Sunday, January 6, 2013

Cultural Security News (Dec. 30 - Jan. 05)

$64 billion art market and repatriation of dinosaur fossils
In politics, a prediction of correction to globalization has implications for the increased importance of culture as a medium for foreign relations. In China, the “antiquities chief” stepped down with reservations about the process for reviewing historic sites. In Albania, citizens petitioned against the demolition of a memorial to the former dictator Enver Hoxha. In Austria, screening of museums for Nazi plunder continues.
Image: Tarbosaurus bataar skeletonIn economics, preliminary reports on the international market for fine art in 2012 indicated auction totals of $10 billion and an overall volume of more than $60 billion. The Czech art market also had high turnover in 2012. A letter to The New York Times called for a dialogue on the art market bubble. Auction houses expect a continued strong market for fine art with the sale of Renaissance works, while ventures in the online art market face the challenge of viable business models. Azerbaijan announced plans for a railway that will revive the historic Silk Road.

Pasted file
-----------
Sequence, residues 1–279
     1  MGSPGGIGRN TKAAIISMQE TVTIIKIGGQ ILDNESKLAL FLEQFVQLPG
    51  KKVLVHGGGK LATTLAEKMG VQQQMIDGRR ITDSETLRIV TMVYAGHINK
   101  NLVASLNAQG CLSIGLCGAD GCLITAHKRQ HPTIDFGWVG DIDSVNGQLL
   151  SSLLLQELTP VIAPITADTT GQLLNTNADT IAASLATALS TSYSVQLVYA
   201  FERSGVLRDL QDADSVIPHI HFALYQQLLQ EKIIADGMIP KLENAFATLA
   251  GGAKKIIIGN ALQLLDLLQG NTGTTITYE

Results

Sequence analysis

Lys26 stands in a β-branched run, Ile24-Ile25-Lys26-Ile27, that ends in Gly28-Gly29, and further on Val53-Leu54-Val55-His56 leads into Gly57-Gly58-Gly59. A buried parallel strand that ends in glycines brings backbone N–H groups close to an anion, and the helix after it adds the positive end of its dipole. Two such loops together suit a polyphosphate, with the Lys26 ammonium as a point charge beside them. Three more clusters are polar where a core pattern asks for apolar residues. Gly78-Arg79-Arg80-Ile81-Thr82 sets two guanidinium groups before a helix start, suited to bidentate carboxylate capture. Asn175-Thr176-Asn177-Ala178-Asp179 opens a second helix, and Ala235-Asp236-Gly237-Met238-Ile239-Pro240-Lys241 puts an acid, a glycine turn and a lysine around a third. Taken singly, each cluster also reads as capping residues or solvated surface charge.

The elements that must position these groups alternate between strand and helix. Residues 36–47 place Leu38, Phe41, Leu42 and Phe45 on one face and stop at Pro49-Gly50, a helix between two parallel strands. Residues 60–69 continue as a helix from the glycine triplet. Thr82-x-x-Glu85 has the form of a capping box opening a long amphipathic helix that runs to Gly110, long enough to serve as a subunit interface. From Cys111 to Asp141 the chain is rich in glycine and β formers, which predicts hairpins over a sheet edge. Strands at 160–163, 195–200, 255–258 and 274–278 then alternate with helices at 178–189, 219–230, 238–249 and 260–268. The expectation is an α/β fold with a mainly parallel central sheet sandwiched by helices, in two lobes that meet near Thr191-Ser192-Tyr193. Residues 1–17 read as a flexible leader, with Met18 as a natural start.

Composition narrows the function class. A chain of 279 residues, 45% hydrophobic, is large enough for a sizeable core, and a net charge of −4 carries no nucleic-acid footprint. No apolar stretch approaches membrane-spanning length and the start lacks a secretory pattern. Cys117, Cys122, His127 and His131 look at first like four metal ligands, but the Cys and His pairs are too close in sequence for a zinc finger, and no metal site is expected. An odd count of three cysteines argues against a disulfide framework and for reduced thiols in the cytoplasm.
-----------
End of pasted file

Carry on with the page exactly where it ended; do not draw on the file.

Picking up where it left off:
In security, Brunei will chair Asean and will address “social-cultural security.” In Pakistan, the Antiquities Act requires updating in that looting threatens unexcavated archaeological sites. In Australia, the burning of famous ghost gum trees carried suspicion of arson. In New York a man pleaded guilty to trafficking in dinosaur fossils from Mongolia, which will repatriate the artifacts. In South Dakota, profitability of prehistoric artifacts induces looting. In Santa Monica, California police charged six suspects in a multimillion-dollar theft that included famous artworks, such as by Jasper Johns.
For similar news, visit Cultural Security News.

No comments:

Post a Comment